How to Make the Most of References

 In Career Tips, Job Search Strategy, Professional Networking

 

Getting the Most From Your ReferencesKathy Keshemberg

The  references you provide and how well you prepare them can play a huge role in your chances for a job offer. Here are a few tips to keep in mind.

1.  Choose people you trust and who can articulately vouch for the work that you do. Supervisors or others who have evaluated your work are at the top of the list. Also to be considered are colleagues (past or present) and outside people that you’ve interacted with through your job (vendors, customers, etc.). And don’t forget about professionals who may know you through volunteer activities or advanced education or trainings. As we all know, relatives and friends should not be included on your list.

2.  Make it easy for the interviewer to contact your references. Create a one-page reference sheet that includes your name and contact information on the top (I recommend using the same heading that is on your resume). For each reference, include their name, how you know that person (i.e., direct supervisor at XYZ Company or purchasing agent at ABC Corp, supplier for XYZ Company), and as much contact information as you can (i.e., company, mailing address, email address, work, home and/or cell phone numbers). Keep the format consist for each entry.

3.  Keep your references informed. When you have an interview and leave behind your reference sheet, immediately send an email to each reference and include the job posting or any information available about that job. You want them to be aware that they may be contacted so they aren’t caught off-guard.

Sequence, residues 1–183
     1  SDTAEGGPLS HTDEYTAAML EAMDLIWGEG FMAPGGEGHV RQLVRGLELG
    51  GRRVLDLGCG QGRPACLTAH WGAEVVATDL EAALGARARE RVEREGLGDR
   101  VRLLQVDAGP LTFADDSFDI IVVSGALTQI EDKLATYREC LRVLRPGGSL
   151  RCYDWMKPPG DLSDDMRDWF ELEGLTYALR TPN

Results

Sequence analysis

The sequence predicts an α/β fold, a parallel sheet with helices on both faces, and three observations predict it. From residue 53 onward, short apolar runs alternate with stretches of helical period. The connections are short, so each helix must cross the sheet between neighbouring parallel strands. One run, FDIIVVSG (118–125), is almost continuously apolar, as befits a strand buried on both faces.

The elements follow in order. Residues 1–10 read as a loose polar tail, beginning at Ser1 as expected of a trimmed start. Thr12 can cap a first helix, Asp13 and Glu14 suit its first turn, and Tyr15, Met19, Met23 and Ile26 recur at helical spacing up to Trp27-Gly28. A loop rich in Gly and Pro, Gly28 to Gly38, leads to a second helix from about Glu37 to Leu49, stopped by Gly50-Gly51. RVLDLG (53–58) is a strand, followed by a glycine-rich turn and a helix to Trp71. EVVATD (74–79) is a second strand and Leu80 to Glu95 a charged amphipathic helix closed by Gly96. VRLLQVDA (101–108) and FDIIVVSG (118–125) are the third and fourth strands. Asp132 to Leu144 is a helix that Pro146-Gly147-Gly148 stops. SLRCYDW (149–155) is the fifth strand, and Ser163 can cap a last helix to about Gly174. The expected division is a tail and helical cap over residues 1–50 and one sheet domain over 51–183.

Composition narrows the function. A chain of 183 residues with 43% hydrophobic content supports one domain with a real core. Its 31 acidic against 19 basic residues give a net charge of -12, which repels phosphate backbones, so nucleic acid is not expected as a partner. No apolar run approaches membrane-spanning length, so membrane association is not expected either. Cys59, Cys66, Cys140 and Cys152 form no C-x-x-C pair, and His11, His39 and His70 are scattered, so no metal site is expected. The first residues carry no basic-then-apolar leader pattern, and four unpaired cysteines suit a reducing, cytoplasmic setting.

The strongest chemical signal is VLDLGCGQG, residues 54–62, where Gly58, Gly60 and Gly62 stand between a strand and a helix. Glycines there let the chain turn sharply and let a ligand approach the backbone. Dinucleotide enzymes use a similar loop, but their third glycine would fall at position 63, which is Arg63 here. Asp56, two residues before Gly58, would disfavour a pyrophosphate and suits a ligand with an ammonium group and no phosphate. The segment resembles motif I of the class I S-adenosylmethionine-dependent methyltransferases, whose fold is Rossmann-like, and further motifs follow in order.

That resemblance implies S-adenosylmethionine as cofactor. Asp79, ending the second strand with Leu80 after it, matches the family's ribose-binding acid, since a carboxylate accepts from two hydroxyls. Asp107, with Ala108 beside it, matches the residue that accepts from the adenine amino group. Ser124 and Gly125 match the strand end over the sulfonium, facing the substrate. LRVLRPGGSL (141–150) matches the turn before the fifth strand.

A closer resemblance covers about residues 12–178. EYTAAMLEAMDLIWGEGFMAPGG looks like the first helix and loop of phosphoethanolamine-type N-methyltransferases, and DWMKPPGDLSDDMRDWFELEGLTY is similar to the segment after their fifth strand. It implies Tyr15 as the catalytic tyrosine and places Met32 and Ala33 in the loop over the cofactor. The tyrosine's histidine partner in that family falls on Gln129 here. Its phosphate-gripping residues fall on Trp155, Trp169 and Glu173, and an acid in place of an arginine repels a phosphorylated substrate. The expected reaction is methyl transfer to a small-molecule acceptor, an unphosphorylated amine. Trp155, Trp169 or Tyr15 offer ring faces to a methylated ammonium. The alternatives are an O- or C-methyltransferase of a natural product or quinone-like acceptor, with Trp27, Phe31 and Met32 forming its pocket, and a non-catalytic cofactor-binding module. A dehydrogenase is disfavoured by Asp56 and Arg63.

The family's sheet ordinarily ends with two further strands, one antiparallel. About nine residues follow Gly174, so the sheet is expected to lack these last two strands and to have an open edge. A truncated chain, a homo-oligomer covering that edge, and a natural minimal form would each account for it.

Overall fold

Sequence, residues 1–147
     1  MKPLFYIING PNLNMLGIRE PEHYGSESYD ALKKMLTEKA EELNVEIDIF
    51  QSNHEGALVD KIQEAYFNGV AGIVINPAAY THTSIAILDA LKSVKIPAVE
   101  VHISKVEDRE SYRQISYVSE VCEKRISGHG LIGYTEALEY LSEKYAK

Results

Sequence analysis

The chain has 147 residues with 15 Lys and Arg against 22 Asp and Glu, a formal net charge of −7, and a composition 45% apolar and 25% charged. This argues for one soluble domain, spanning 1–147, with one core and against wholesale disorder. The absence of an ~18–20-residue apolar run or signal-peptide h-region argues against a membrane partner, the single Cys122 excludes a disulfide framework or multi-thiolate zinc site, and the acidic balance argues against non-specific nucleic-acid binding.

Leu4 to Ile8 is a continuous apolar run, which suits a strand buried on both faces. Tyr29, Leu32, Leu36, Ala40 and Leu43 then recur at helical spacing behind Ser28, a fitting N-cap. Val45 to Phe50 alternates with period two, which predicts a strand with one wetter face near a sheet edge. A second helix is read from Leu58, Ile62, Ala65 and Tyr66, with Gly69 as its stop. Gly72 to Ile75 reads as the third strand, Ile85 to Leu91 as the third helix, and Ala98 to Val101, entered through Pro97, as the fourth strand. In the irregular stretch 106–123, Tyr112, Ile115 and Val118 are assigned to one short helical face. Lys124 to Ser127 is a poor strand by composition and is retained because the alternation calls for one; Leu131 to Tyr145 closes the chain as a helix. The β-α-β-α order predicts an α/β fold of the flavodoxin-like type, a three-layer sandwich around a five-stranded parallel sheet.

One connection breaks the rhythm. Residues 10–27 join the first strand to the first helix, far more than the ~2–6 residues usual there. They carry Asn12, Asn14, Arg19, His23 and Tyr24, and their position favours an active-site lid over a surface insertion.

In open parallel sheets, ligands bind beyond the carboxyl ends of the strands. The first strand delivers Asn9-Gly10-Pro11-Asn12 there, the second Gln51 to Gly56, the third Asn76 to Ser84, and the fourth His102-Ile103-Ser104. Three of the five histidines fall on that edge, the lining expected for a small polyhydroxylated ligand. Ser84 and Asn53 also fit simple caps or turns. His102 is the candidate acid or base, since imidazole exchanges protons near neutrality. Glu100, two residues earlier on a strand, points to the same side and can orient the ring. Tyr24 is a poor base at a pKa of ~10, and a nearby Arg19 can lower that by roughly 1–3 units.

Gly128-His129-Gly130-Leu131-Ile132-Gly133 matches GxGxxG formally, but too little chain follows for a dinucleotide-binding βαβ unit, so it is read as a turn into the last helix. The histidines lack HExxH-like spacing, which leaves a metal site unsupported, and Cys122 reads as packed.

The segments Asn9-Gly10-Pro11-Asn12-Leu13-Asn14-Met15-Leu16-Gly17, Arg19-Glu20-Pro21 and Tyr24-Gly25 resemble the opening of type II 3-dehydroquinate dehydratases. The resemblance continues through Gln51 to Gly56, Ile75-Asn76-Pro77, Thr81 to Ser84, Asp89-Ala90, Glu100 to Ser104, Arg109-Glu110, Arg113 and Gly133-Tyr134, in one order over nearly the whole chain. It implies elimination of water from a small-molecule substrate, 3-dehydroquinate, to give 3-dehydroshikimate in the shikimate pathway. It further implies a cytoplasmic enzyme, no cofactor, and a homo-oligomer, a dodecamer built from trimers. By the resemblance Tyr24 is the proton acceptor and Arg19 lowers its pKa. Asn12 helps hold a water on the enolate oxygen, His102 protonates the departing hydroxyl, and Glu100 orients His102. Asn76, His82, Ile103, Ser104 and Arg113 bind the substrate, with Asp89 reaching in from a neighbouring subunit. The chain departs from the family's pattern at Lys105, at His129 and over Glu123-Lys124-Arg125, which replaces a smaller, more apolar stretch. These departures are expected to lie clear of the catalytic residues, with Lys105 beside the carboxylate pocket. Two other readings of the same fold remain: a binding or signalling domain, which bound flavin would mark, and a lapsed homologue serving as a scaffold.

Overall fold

4.  Prep your references. Just like you need to prepare for an interview, help your references do the same. Identify the top three qualities that are important in your next role, and ask each of your references to address one of those qualities. For example, if problem solving is important, discuss with your reference a situation they were involved in where you came up with a workable situation. Or if leadership is key, ask your reference to discuss a particular project where you took the lead and convey the successful outcome. This prep can be done at the beginning of your search in general terms, or for each specific position you interview. Either way, by “assigning” a different quality to each of your references, the interviewer will get a well-rounded overview.

By choosing the right people to list as references and taking a little time to prepare them to speak on your behalf, your potential employer is going to receive rave reviews about you!

 

For more than two decades, Kathy Keshemberg, NCRW, CCMC, and her team at A Career Advantage have been providing professionals with world-class resume consultation and writing, career coaching and personal branding services.
Learn more…  www.acareeradvantage.com

 

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